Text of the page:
Additives “add” two or more items together, emphasizing that they are all to be considered equal:
 Lynn’s prewar success had been as a light historical novelist; he employed similar fanciful ideas in his war novels […] Joseph Hocking’s war novels are also dominated by romance and adventure.
 German firms have an existing advantage as a greater number of their managers have technical or engineering degrees. Japanese managers, too, have technical qualifications of a high order.
In , the adverb also points to the similarities between the war novels of Lynn and those of Hocking. In , the adverb too functions in a similar way, emphasizing the fact that the qualifications of Japanese managers are similar to those of German managers.
In contrast with additives, EXCLUSIVE adverbs focus attention on what follows them, to the exclusion of all other possibilities:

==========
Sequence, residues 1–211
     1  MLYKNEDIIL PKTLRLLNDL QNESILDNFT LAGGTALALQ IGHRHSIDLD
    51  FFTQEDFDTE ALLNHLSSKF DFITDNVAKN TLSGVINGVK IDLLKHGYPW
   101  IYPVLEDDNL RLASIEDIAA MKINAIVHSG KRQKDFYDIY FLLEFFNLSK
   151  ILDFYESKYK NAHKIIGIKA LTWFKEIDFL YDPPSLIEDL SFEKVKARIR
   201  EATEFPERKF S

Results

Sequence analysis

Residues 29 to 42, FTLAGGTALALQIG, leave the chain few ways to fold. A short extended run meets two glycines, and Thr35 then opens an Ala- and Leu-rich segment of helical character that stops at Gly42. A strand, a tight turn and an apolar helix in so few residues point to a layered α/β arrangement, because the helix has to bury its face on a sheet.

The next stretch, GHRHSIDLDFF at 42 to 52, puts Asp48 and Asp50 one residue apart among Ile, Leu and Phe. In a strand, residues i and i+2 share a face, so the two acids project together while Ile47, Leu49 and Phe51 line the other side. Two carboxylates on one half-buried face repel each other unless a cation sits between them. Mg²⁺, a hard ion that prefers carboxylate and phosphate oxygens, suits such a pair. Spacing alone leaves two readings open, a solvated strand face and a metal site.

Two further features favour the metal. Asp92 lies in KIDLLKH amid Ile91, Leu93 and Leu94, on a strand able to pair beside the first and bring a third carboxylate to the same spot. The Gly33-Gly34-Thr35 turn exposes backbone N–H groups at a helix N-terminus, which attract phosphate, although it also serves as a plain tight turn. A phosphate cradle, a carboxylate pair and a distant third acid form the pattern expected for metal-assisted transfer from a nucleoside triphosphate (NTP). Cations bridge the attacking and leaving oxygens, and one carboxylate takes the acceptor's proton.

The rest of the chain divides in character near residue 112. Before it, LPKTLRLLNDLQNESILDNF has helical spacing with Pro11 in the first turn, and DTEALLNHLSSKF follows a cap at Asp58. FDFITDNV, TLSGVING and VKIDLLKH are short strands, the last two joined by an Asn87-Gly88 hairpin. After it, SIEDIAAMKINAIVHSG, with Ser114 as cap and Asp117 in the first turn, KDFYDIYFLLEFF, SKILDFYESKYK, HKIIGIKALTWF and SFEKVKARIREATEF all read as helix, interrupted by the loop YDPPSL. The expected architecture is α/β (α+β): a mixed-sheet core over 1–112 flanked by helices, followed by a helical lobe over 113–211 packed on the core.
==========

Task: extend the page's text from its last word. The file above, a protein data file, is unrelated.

It’s just a question of how we organise it.
 The federal convention […] comes together solely for the purpose of electing the president.
In , just excludes all other potential questions from consideration, while in , solely points out the fact that the federal convention has no other function apart from electing the president. Other exclusives include alone, exactly, merely, and simply.
PARTICULARIZERS also focus attention on what follows them, but they do not exclude other possibilities:
 The pastoralists are particularly found in Africa.
 Now this book is mostly about what they call modulation.
In , it is implied that Africa is not the only place where pastoralists live. While most of them live there, some of them live elsewhere. Sentence  implies that most of the book is about modulation, though it deals with other, unspecified topics as well.
Other particularizers include largely, mainly, primarily, and predominantly.